For some years this was a burden to Mother, but in the summer of 1902, after the organization of the Pacific Medical Missionary and Benevolent Association, the perplexity was cleared away. One day Judge Jesse Arthur and Mrs. Arthur took dinner at Mother's house, and after dinner the matter of the Chicago building was discussed. Judge Arthur told us that he knew something about the plans that were prepared and discussed for a large building in Chicago, and that he had seen the plan that was drawn for such a building by Brother W. K. Loughborough. He told us that Dr. Holmes, who had done much to help in the Chicago work of the Medical Missionary College, and who was an active member of the American Medical Association, was deeply interested that we should have large and acceptable buildings in Chicago, because unless we had a suitable place for our work, it would be impossible to secure favorable recognition from the American Medical Association and the Association of Medical Colleges.

Therefore, Dr. Holmes voluntarily looked up a place and made suggestions regarding plans. Various places were examined; various plans were discussed, great and small. Dr. Holmes was continually leading on to plan for a very large building, and it was thought that the Medical College could occupy a part, part could be given to the dispensary, and several other kindred enterprises could be grouped in this large building. As Judge Arthur described in a general way the

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plans that were being considered for a building, Mother said, "That is what was presented to me," and then she took up the description of the building and went on with it for a while. "Yes," Judge Arthur said, and then proceeded with the description. The conversation was like that of two persons who had been seeing the same things, and in which one would tell a part, and the other would tell a part, and all in perfect harmony. It was considered important that the large building under consideration be erected as soon as possible, because the time was drawing near for the graduation of a class of students from the Medical Missionary College, and the friendly influence of the supervising medical associations was desired. Dr. J. H. Kellogg was in Europe, but his most hearty approval was expected. But on his return he at once raised the question, "Where is the money?" The testimony regarding the large buildings in Chicago had caused him to lose hope that he could raise the necessary funds for their construction.

The message had gone to Dr. Kellogg while he was in Europe. He was not only the leader but also the head and front of that work. It was his plans that gave shape to all that was done. When he saw the Testimony was against what he and his associates desired to do, he called a halt.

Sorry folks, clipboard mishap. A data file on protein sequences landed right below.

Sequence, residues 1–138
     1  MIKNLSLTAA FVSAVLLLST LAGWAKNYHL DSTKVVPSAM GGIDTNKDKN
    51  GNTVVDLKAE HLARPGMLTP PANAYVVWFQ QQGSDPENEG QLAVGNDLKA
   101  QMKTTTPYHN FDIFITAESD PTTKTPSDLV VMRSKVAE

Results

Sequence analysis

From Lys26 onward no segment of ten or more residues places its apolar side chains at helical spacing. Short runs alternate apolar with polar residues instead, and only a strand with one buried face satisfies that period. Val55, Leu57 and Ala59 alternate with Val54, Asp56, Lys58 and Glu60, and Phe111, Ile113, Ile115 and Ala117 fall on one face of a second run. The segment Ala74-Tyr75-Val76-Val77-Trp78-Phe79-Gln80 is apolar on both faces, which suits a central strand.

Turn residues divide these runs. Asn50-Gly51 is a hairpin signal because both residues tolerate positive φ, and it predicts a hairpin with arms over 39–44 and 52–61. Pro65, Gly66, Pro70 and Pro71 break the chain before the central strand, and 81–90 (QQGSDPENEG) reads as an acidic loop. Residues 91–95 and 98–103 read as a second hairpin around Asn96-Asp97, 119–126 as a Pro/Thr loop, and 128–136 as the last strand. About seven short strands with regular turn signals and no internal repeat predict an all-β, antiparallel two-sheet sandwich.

The question of personal influence is one that has perplexed many. Some have gotten the idea that personal influence can be brought to bear in such a way as to sway the tenor of the Testimonies this way or that way or the other way, according to the feelings and wishes and desires of those close to Mother.

Those who are best acquainted with Mother's work know that there is a solidity to it that cannot be shaken. There is a part which men have to act in connection with this as well as with every other part of the work of God. Ofttimes there is presented to Mother a view of the field and the work that lies before us. She is shown that if a conference, a church, or a group of men take such and such a course, the result will surely be of such and such a nature, and therefore she must give warning. Ofttimes she must ask our brethren with reference to the progress of the work, that she may know whether the time has come to give her testimony.

While we were in Avondale, struggling to build up the college there, there were great differences of opinion among the members of the board. We had a group of men trained in different schools of experience. They were strong men, and they had many differences of opinion. Some wanted to see rapid progress; others wanted to see great economy and caution exercised; and there were all shades of doctrine regarding finances and school management. I felt that I was well acquainted with Mother's views regarding school work. I had heard her counsels to the Union Conference Committee during the years we were searching for a place and locating the school. I had heard her statements regarding what the school might be. I felt a burden to hasten the work forward along broad lines. Some of the brethren felt that I was anxious to move too fast, willing to run too great risk, and that I was taking unfair advantage of my close connection with Mother to bring her influence into that work to carry out my wishes.

For the sake of those who were thinking along that line, as well as for my own peace of mind and assurance, I decided to keep far away from anything that could be a cause of perplexity to them or to me, and although I wanted counsel very much, I decided to adopt a perfectly safe plan.

In those days we did our school board work deliberately and thoroughly. Sometimes we would counsel for a week. Usually I went home from the board meeting late at night, and then I would tell the Lord before I slept my greatest perplexities and difficulties. Often I prayed, "Lord, guide by whom Thou wilt. If it is by giving special light to Brother Haskell, Brother Hughes,